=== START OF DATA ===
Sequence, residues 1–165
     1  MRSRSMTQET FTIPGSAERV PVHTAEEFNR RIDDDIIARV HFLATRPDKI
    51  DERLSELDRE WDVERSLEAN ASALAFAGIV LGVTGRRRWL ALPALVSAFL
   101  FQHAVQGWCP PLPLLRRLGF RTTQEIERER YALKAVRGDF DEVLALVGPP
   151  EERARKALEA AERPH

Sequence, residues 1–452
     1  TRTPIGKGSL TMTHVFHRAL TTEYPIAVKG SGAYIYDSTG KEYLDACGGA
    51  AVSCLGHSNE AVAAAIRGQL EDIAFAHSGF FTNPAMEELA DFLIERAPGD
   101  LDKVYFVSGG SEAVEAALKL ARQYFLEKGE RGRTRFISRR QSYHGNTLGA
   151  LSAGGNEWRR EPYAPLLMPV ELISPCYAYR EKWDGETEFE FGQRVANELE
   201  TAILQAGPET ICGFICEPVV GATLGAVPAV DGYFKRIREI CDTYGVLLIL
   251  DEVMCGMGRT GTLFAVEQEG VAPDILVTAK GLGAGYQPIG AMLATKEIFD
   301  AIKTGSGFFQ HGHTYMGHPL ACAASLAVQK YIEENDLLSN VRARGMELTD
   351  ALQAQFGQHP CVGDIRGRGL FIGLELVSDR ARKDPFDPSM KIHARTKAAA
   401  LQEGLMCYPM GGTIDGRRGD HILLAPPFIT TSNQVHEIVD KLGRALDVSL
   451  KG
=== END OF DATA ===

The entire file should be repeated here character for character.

Sequence, residues 1–165
     1  MRSRSMTQET FTIPGSAERV PVHTAEEFNR RIDDDIIARV HFLATRPDKI
    51  DERLSELDRE WDVERSLEAN ASALAFAGIV LGVTGRRRWL ALPALVSAFL
   101  FQHAVQGWCP PLPLLRRLGF RTTQEIERER YALKAVRGDF DEVLALVGPP
   151  EERARKALEA AERPH

Sequence, residues 1–452
     1  TRTPIGKGSL TMTHVFHRAL TTEYPIAVKG SGAYIYDSTG KEYLDACGGA
    51  AVSCLGHSNE AVAAAIRGQL EDIAFAHSGF FTNPAMEELA DFLIERAPGD
   101  LDKVYFVSGG SEAVEAALKL ARQYFLEKGE RGRTRFISRR QSYHGNTLGA
   151  LSAGGNEWRR EPYAPLLMPV ELISPCYAYR EKWDGETEFE FGQRVANELE
   201  TAILQAGPET ICGFICEPVV GATLGAVPAV DGYFKRIREI CDTYGVLLIL
   251  DEVMCGMGRT GTLFAVEQEG VAPDILVTAK GLGAGYQPIG AMLATKEIFD
   301  AIKTGSGFFQ HGHTYMGHPL ACAASLAVQK YIEENDLLSN VRARGMELTD
   351  ALQAQFGQHP CVGDIRGRGL FIGLELVSDR ARKDPFDPSM KIHARTKAAA
   401  LQEGLMCYPM GGTIDGRRGD HILLAPPFIT TSNQVHEIVD KLGRALDVSL
   451  KG